Argentina - West
Pampas - The sheer size of the plains, called the Pampas, is overwhelming - but precisely because it is so vast, it becomes not a little tedious. It is said that this is the one place on earth where distances are so great and so flat you can see the curvature of planet Earth. After that - endless fields broken by rows of trees planted to break the fierce winds. The "estancias" (ranches) are enormous, and the homes of some are grand - but unless you have a private entree into one of these old Argentine families, this can be the ultimate nightmare drive if you're traveling with small kids.
Horseback riding - Argentines love their horses, from their world-class polo ponies to the gaucho's working cutting horses. No matter what kind of riding you like, you can find a place to suit. Take English riding lessons, go off on an all-day expedition to explore the land with the guachos.
The Lake district - A magical place filled with Andean glacial lakes, it has alpine highlands at upper elevations and temperate rain forests lower down. Parks are open all year long, but winters are rainy. The summer (December through March) is best for most outdoors plans except, of course the skiing and snowboarding at Bariloche! You can choose anything from luxury hotels to camping.
Nahuel Huapí - Almost two million acres of parkland on the Chilean border, there's a lot to do here no matter what time of year you turn up. Ski, snowboard, hike, fish, climb, canoe, take a cruise.
Boat or fish on Lake Nauel Huapi - The rivers and lakes were stocked with salmon and trout a 100 years ago and they're thriving! Get a fishing license at Bariloche and expect to help little ones pull in the catch: they grow 'em big here.
Snowboard or ski at San Carlos de Bariloche - On the south coast of the Nahuel Huapi Lake, this is a favorite haunt for European and North American ski teams with 1,600 acres of skiing and an Alpine resort that is quite beautiful, a little unexpected - very much like what you'll find in Colorado, British Columbia, Europe.
Hike everywhere! - Lots of well-maintained trails in four very distinct areas suited to different kinds of hiking. Go for a dip in the thermal pools tucked under lowland forests.
Visit a ranch - But don't expect a rough-hewn kind of place. Some double as hotels (on a limited scale) - take advantage of a chance to live like an Argentine grandee! In Mendoza there are at least two worth visiting:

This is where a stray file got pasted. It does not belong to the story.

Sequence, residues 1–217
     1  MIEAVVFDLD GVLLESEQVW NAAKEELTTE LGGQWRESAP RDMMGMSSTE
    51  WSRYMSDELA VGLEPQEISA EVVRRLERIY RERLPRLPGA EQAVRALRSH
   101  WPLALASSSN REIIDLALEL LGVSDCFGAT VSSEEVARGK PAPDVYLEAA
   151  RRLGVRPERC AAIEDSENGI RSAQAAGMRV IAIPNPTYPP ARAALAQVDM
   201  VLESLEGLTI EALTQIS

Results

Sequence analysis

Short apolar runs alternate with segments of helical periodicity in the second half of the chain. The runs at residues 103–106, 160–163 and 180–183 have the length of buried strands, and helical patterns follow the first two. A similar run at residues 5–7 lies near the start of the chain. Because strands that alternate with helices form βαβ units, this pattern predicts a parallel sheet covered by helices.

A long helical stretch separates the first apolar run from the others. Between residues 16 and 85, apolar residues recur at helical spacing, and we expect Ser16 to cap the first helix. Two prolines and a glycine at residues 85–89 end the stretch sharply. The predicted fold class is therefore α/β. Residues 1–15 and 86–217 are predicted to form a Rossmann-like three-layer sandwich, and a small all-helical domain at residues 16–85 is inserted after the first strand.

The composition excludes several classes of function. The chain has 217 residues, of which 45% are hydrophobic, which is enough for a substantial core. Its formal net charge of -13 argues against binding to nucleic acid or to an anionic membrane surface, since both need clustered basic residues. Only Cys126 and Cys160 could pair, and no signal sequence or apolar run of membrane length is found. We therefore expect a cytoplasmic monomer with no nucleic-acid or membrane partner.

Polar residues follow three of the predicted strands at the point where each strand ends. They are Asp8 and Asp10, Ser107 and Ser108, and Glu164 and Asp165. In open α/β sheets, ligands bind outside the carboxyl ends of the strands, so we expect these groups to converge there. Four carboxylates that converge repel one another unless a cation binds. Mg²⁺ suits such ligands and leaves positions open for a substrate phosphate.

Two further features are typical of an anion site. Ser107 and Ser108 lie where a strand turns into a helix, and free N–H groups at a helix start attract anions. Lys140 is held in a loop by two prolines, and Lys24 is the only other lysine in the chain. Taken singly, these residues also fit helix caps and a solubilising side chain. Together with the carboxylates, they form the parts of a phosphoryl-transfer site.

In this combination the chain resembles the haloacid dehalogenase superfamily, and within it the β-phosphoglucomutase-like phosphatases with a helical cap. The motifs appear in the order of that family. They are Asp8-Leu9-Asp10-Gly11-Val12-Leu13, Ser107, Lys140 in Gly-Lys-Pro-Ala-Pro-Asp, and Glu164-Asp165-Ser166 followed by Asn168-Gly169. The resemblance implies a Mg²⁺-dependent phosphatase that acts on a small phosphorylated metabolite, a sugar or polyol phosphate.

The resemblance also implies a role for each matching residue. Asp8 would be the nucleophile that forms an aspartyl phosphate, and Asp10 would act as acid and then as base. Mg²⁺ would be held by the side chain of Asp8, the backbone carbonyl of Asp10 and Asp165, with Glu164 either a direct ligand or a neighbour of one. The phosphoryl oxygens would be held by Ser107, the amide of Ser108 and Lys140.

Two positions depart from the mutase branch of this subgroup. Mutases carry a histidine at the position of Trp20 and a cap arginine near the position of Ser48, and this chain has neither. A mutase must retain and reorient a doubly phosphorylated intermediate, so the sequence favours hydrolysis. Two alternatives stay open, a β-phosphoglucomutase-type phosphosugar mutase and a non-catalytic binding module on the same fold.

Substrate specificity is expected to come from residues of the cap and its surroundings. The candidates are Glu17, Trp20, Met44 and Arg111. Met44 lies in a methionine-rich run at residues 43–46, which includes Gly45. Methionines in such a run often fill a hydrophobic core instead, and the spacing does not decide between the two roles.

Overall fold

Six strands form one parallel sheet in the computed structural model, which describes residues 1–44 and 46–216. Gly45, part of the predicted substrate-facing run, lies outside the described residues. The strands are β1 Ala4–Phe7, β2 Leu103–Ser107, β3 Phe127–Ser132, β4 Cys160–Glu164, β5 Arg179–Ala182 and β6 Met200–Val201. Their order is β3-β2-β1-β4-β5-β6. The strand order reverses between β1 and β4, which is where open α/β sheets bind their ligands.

Los Alamos - Go horseback riding take a walk through the vineyards and wine cellars or go rafting or fishing nearby. This ranch dates back to 1830 and is well known for its restaurant and cellar - so look forward to a beautiful ride followed by a great meal.
Chateau d'Ancon - Located in Tupungato, the estate has vineyards and a beautiful 2,500 sq. ft manor house filled with exquisite antiques from both sides of the Atlantic (the family originally came from Limoges, France). Once home to a Governor the beauty of the grounds and the manor are not to be missed.
Puente del Inca - Puente del Inca is a natural rock formation, a limestone bridge over the river. Nearby are hot springs, and the rocks are bright yellow and green, like melted ice cream. These formations are quite stunning, and visitor's have come from far and wide to see them - Charles Darwin sketched the formations on his voyage in the 19th century.
Historic vineyards - The area of Mendoza is almost entirely devoted to vineyards - fed by fresh mountain streams that come from high in the Andes. While you may not want to have the kids join you for wine tasting - they will want to clamber down the stone stairwell that leads to rooms where wines "rest." Starting with the Gonzalez and Correas family vineyards in the 1840s, the area quickly attracted rival vineyards. One large winery that welcomes visitors all year is Bodega Suter, where you'll see examples of how wine was made 100 years ago - and the very modern steel drum production of today.

twitter instagram vimeo travelforkids